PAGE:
Many of the most high
tech and automated
in the world depend
on a ubiquitous, and
object: a bicycle.
Many of the most high tech and automated manufacturing facilities in the world depend on a
ubiquitous, and seemingly mundane object:
Or more accurately in most cases, a tricycle. Or even a tricycle built for two.
In an old-school, three story, brick factory in Queens, NY, you’ll find Worksman
Cycles. The building looks much like it did
generations ago, aside from the murals covering the exterior. Original blue glass windows filter the light, and massive doors and
windows keep the facility cross-ventilated,
even on a hot July day.
In this unassuming facility, the team
behind Worksman Cycles builds industrial
bikes and trikes that are used in some of the
largest plants in the world, including Ford,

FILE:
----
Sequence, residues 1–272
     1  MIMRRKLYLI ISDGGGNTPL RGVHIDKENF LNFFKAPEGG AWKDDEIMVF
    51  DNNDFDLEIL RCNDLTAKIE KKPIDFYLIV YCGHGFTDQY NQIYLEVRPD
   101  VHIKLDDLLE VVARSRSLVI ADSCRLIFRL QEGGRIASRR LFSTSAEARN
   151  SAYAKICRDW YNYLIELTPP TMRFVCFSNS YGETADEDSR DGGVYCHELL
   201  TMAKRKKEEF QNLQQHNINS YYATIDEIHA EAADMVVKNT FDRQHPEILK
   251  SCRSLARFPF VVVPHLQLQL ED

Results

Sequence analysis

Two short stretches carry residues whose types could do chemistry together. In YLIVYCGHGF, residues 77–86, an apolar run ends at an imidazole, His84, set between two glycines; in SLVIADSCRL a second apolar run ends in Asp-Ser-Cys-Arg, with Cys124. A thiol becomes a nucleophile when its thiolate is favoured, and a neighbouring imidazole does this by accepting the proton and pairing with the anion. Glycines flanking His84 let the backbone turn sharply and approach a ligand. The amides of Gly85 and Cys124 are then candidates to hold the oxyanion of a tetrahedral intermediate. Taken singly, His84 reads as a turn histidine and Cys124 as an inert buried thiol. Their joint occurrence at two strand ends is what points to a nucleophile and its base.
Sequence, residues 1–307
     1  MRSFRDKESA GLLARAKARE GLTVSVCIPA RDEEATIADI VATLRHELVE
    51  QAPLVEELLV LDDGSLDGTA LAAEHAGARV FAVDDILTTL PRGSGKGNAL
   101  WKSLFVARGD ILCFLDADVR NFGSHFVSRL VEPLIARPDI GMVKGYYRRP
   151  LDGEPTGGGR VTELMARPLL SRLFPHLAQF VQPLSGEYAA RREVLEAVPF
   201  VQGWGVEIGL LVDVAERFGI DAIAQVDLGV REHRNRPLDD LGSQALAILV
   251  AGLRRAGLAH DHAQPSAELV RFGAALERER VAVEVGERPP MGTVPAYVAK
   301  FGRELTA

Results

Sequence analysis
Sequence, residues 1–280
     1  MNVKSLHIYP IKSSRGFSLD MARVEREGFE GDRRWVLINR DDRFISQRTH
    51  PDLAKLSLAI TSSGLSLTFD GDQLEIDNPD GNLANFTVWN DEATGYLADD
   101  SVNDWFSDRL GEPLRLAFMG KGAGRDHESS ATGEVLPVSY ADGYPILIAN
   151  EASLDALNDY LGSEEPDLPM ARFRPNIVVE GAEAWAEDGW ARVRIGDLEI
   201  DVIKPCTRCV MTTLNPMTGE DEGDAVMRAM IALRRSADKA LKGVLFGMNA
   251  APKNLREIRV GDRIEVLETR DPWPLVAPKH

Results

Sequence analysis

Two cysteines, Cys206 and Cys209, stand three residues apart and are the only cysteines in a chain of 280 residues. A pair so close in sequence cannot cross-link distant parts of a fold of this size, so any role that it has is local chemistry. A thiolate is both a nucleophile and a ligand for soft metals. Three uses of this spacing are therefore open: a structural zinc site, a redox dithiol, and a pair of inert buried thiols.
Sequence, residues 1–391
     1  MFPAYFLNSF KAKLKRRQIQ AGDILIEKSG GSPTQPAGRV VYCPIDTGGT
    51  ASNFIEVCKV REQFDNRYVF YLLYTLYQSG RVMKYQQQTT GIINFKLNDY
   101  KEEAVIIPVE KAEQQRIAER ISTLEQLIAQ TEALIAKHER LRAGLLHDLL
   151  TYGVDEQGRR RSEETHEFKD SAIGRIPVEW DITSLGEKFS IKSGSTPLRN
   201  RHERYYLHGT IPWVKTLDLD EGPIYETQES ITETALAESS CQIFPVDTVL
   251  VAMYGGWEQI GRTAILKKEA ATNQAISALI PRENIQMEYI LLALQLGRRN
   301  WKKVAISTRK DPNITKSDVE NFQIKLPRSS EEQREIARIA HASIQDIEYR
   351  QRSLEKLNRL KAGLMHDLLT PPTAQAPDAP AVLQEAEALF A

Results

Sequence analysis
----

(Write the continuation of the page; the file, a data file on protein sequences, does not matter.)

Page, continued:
Boeing and Lockheed Martin.
The company grew from humble beginnings, when in 1898 Morris Worksman
opened a dry goods shop, located on the
very footprint of the World Trade Center.
Bicycles, at the time, were a new technol-
ogy, and in 1902 Morris got into the bur-
“Morris Worksman made an alternative
form of transportation, because horses were
expensive to buy, maintain and left unwant-
ed byproducts,” says Bruce Weinreb, direc-
tor of marketing and design at Worksman
Cycles. “And here we are, 115 years later,
and we want to replace powered cars inside
factories because they are expensive to buy,
maintain and create unwanted byproducts.”
The technology that Worksman Cycles
is replacing has changed drastically, but
what they are using to replace it has stayed
almost the same.
These industrial bikes and trikes are
found in the largest factories. “Our customers look like the Who’s Who of all of the
big companies you’ve ever heard of. The
bigger they are, the more they need us,”
says Wayne Sosin, president of Worksman
In general, a manufacturing facility
needs to be at least 100,000 square feet to
really consider the benefits of a trike, says
Sosin. They are used to transport workers
and materials around massive facilities in a
By Tia Nowack